Wednesday, February 4, 2009

Wings of delight - An article on Mumbai BirdRAce

The city's birdwatchers flock together
The hunt is not an exercise of will
But patient love relaxing on a hill
To note the movement of a timid wing
—Nissim Ezekiel in
Poet, Lover, Birdwatcher

Years ago, Nissim Ezekiel drew similarities between a poet, lover and birdwatcher in one of his much appreciated poems. Over the years, the number of those who will agree with his words has only multiplied as the community of birdwatchers has increased in the city and continues to grow.

"Since Mumbai has the advantage of being a coastal city, it has a wide variety of bird species. Over 350 species of birds have been recorded over the years in the Mumbai surrounds," says naturalist Sunjoy Monga. Nearly 50 per cent of these species do not breed here, these are the various type of migrants or seasonal visitors to the region, he adds. And they are the ones who make the otherwise dull winter in Mumbai interesting. And bird-lovers take out their pairs of binoculars and reference books before setting out on the trail of two-winged creatures.

"Most of the people who come for our bird-watching outings in Mumbai are learners. These trips teach them how to use binoculars, reference books as well as study and document bird movements. They later on go to the spots outside Mumbai where birds population is higher," says Avinash Kubal of the Maharastra Nature Park. "With the surge in the number of birdwatchers, the documentation of birds has also got a boost," says Sujit Narwade of the Bombay Natural History Society.

Though with flamingoes, the Sewri Bay, especially the jetty, has become a famous stomping ground of birdwatchers along with the Uran wetlands, these nature lovers have found many other places across the city where the chances of sighting of birds—resident and rare—are high. Rajesh Sachdev's favourite haunt is Sanjay Gandhi National Park. "Any time of the year, one can spot at least 30 species of birds in the park if you spend a couple of hours there," says Sachdev, who is involved in the Mumbai Bird Race. The annual evented scheduled on February 22 is organised in the city since 2005.

In fact, it was after sighting a beautiful Paradise Flycatcher in the park three years back that he converted into an avid birdwatcher. Rajmachi and Matheran are the two other favourite weekend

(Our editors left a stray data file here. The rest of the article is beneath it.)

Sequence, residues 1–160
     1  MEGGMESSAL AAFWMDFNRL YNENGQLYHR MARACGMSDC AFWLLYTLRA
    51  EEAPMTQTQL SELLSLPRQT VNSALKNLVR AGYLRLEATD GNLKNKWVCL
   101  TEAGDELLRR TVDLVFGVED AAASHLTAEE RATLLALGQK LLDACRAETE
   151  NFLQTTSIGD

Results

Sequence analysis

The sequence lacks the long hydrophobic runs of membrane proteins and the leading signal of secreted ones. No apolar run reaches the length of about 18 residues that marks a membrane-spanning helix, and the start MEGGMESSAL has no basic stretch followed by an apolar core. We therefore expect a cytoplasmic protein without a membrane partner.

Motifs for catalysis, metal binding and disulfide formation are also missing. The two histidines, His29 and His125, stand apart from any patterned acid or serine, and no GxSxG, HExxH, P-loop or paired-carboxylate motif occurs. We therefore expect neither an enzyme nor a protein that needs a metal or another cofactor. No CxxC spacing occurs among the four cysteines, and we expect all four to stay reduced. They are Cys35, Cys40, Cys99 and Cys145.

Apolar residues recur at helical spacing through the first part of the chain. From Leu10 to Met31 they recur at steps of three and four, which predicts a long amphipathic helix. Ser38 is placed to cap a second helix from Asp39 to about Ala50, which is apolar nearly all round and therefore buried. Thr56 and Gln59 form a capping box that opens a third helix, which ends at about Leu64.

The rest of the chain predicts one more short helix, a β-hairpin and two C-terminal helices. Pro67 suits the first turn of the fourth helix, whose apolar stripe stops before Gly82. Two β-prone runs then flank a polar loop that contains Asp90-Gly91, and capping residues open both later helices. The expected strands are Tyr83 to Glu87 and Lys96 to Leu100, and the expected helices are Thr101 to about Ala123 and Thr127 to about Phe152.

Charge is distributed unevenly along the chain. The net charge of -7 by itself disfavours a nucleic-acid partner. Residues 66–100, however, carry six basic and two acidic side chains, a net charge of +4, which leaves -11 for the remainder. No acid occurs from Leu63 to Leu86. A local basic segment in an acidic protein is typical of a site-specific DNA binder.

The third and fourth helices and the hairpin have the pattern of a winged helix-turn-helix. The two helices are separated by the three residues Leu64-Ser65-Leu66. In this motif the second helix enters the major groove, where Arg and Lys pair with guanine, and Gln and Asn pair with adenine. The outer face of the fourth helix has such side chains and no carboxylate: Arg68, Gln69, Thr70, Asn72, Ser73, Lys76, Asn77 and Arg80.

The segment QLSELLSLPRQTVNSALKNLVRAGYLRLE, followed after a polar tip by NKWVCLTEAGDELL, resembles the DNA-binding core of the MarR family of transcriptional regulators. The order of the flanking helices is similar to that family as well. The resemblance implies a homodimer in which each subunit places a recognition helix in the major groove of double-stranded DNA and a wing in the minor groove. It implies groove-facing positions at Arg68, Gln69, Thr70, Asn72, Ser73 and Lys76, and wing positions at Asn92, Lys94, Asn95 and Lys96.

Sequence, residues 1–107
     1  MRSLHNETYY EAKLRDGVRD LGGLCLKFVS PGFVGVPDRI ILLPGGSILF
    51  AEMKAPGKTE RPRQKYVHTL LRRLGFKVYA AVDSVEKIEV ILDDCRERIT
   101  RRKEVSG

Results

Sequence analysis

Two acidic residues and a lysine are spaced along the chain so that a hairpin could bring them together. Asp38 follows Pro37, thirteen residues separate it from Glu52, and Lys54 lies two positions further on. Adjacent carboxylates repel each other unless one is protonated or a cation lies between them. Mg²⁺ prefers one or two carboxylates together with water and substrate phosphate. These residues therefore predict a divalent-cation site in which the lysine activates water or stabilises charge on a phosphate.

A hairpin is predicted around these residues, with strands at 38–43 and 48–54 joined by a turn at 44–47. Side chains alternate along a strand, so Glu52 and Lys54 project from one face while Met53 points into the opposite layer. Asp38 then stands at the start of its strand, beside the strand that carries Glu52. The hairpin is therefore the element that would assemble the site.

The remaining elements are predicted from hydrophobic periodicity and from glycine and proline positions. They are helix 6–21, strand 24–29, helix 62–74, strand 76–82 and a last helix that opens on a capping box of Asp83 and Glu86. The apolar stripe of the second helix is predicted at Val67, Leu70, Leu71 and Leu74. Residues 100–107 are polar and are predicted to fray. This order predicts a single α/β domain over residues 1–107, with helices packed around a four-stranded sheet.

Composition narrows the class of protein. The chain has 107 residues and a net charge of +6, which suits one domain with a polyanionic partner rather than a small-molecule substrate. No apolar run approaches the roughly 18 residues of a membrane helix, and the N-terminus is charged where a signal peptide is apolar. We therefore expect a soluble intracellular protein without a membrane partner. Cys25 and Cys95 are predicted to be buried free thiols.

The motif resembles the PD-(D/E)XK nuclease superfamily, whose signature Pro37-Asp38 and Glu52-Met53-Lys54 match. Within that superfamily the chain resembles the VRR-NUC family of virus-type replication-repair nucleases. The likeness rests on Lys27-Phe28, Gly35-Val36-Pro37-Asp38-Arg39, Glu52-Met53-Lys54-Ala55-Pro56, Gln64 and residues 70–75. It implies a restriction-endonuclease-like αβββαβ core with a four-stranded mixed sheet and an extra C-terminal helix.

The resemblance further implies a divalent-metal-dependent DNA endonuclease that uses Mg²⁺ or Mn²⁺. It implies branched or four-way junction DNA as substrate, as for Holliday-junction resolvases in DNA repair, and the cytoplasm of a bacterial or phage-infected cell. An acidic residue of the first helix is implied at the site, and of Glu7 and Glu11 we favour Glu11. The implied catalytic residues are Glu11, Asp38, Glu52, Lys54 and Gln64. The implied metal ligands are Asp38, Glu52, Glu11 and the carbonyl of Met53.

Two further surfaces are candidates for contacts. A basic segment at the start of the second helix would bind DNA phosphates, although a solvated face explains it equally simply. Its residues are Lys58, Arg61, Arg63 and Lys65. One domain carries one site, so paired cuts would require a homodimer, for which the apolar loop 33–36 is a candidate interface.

getaways for Sachdev to study birds.

There are more: Elephanta Island, Vikhroli grasslands, Thane creek and

margins, Tungareshwar Wildlife Sanctuary, near Vasai, Lotus Pond on the Malad-Marve Road and Talzan Hills in Charkop. According to Monga, several city parks and groves too attract birds. "Actually, birds exist all around us. One just needs to learn to notice them," says Neeta Deb. She admits to being a

"beginner birdwatcher" and tries to spend as much time as her nine-year-old old allow her to be with the nature.

Bird-watching has also become a

perfect excuse to get wildlife activists and lovers together. On February 1, Rishi Agarwal is organising one such event at Lokhandwala Lake. His motive, other than spotting the winged creatures, will be to draw attention to the condition of the lake. In 1999, he, along with a group of friends, had stopped the BMC from dumping garbage at the lake. His inspiration might have come from a bird-watching trip to the area that this environmental activist had undertaken with a group. "We had spotted 45 species of birds that day," he recalls, and adds, "On a regular day one can spot pond heron, bar-headed geese, common kingfisher, pied kingfisher and medium egret among others there."

The pollution, concrete growth and demolition of forest have taken a toll on the bird population in Mumbai. Sachdev wants vultures, who are now extinct in the city, to be back. Till that happens the sighting of 'Indian pitta', locally known as 'navrang' can make him happy.
Rajesh Sachdev
Wildlife Activist & Photographer
Mumbai, India.

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